the mail. The Commandant, anticipating the Presidential Order, on 18 October
had directed the Commanding General, Headquarters, Department of the Pacific,
located in San Francisco, ...You will organize a force from the 4th Regiment,
to be known as the Western Mail Guards, under the command of Brigadier-General
Smedley D. Butler...
Smedley D. Butler, known as "Ol' Gimlet Eye" to fellow Marines, brought
a long record of combat leadership and two Congressional Medals of Honor
to the Mail Guards. Veteran of both World War I and the guerrilla wars
of Central America, Butler's easy-going manner hid his cold, methodical
approach to the task given to the Marines. As the primary source of personnel
for the Western Mail Guard, the 4th Marines initially would be spread throughout
eleven states. Part of a twelfth state, Texas would be added on 22 October
fully armed Marines soon became sobering influences throughout Post Offices,
mail trains, and mail trucks in those areas. While Marines carried out
their mail guard assignment, only one attempted robbery was recorded. That
particular robbery involved an unguarded mail train carrying no mail at
the time. Meanwhile, in San Diego, the base stood relatively empty with
a reduced level of caretaker personnel awaiting the return of the 4th Regiment.
When normal operations returned to the U. S. Mail system as a result of
the Marine guards, the need for continued assignment of such forces became
less and less justified. The return of the 4th Marines to San Diego began
on 10 January 1927 and by 18 February all personnel had been returned to
their home bases as the Mail Guard Force disbanded.
In 1927, American
interests and lives in China and Nicaragua had once again been endangered
by internal unrest and civil war. The Marines received the call to conduct
expeditionary protective operations in these two countries to protect Americans
and their property."
is more that can be written here, and I may add more later, but this will
suffice to provide some food for thought regarding the Marines as Mail
Guards during the 1920s.
following is from a letter to The Major General Commandant, Headquarters
U.S, Marine Corps, from the Office of the Postamaster General, dated February
15, 1922, which states in part...
gives me extreme pleasure at this time to submit to you this letter of
commendation of the marines who have been performing, during the past three
months, the duty of protecting United States mail in railway terminals,
post offices, railroad junctions and federal reserve centers. The protection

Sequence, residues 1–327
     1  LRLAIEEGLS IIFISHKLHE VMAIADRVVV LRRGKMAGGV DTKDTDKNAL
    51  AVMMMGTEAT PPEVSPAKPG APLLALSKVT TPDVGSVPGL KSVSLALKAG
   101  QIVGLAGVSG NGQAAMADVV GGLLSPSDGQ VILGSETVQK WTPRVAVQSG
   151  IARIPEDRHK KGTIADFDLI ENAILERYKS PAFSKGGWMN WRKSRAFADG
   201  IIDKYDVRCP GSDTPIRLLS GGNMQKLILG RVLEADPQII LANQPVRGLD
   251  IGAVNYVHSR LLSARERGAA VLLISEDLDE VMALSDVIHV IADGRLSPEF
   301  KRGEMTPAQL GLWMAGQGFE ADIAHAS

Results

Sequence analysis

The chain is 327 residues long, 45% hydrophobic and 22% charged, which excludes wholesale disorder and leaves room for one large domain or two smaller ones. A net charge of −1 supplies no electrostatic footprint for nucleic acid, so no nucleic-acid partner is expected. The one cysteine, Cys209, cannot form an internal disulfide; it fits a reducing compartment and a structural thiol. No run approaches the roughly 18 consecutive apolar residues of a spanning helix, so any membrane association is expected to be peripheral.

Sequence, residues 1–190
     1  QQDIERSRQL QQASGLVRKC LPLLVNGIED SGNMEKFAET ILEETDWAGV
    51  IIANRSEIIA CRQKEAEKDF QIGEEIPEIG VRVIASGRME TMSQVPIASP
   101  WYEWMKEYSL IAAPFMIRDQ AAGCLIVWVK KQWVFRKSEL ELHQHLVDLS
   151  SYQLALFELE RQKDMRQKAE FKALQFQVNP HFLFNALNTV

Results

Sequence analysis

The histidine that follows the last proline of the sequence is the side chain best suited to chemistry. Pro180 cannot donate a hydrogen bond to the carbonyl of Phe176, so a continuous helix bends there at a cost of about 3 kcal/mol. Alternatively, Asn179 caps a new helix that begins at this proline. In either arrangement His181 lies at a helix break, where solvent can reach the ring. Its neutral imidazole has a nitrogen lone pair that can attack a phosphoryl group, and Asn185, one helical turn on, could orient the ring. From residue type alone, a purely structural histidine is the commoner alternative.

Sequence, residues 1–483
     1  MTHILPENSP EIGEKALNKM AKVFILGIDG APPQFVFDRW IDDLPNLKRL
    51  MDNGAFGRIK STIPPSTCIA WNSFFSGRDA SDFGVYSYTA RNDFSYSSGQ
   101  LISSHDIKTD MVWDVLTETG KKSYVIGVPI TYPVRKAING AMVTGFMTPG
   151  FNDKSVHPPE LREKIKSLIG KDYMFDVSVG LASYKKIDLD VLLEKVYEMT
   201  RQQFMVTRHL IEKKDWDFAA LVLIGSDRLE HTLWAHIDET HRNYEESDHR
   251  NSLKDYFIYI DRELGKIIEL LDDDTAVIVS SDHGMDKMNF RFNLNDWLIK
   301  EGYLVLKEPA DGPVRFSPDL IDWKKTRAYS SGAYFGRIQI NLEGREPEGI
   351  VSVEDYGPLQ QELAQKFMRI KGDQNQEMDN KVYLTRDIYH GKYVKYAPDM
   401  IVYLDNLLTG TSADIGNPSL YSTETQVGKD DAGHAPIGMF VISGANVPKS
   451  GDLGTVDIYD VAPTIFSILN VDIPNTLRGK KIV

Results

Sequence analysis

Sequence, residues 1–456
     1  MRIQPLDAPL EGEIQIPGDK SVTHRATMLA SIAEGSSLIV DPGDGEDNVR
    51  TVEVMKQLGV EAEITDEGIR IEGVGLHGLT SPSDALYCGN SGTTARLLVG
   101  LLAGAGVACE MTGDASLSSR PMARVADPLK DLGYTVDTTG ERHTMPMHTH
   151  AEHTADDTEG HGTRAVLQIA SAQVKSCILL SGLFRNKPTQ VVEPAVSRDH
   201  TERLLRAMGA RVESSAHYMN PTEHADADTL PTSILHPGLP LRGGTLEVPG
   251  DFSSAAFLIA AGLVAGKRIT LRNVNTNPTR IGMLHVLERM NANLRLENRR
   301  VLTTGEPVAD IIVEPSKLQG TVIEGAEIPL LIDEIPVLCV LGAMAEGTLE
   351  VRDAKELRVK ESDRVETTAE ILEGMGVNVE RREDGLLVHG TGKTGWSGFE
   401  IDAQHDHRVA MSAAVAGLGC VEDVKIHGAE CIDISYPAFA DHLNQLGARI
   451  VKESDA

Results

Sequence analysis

of the mails has been splendidly effective through the loyalty, cooperation,
bravery and fearless manner in which the marines have handled the situation
the twelve months ending with April 9, 1921, there have been thirty-six
major mail robberies, with a loss of $6,300,000 stolen from the mail. In
April 9 an order went out to the postal service to arm all outside postal
employees and through the cooperation of the War Department, guns and ammunition
were placed at the disposal of the Post Office department....from April
9, 1921 to October 9, 1921, there had been a total stolen of something
like $300,000. In this effort postal employees were injured and killed
and some robbers were slain, but the followed a series of robberies and
depradations at points at which the Post Office Department had not as yet
been able to eqip fully and with which it was unable to cope.
on November 8, 1921, the Postamaster General submitted a request to the
Secretary of the Navy for the use of marines to take over this arduous
and difficult duty. This request was immediately complied with and a force
of ,,,,were dispatched by the U.S. Marine Corps instantly, in the characteristic
of Marine Corps efficiency. These marines were detailed to ride on mail
trucks, and on trains...at outlying points...post offices and stations
where special protection was vita. They have performed their arduous and
difficult duty in a most excellent manner and they have my most earnest
praise and appreciation for their invaluable service to the public...
I desire to express my personal appreciation to the officers of the Marine
Corps connected with this work of guarding United States mail, as well
as to the Marine Corps and the Navy Department, for the responsive, expeditious
and effective manner of carrying out these duries.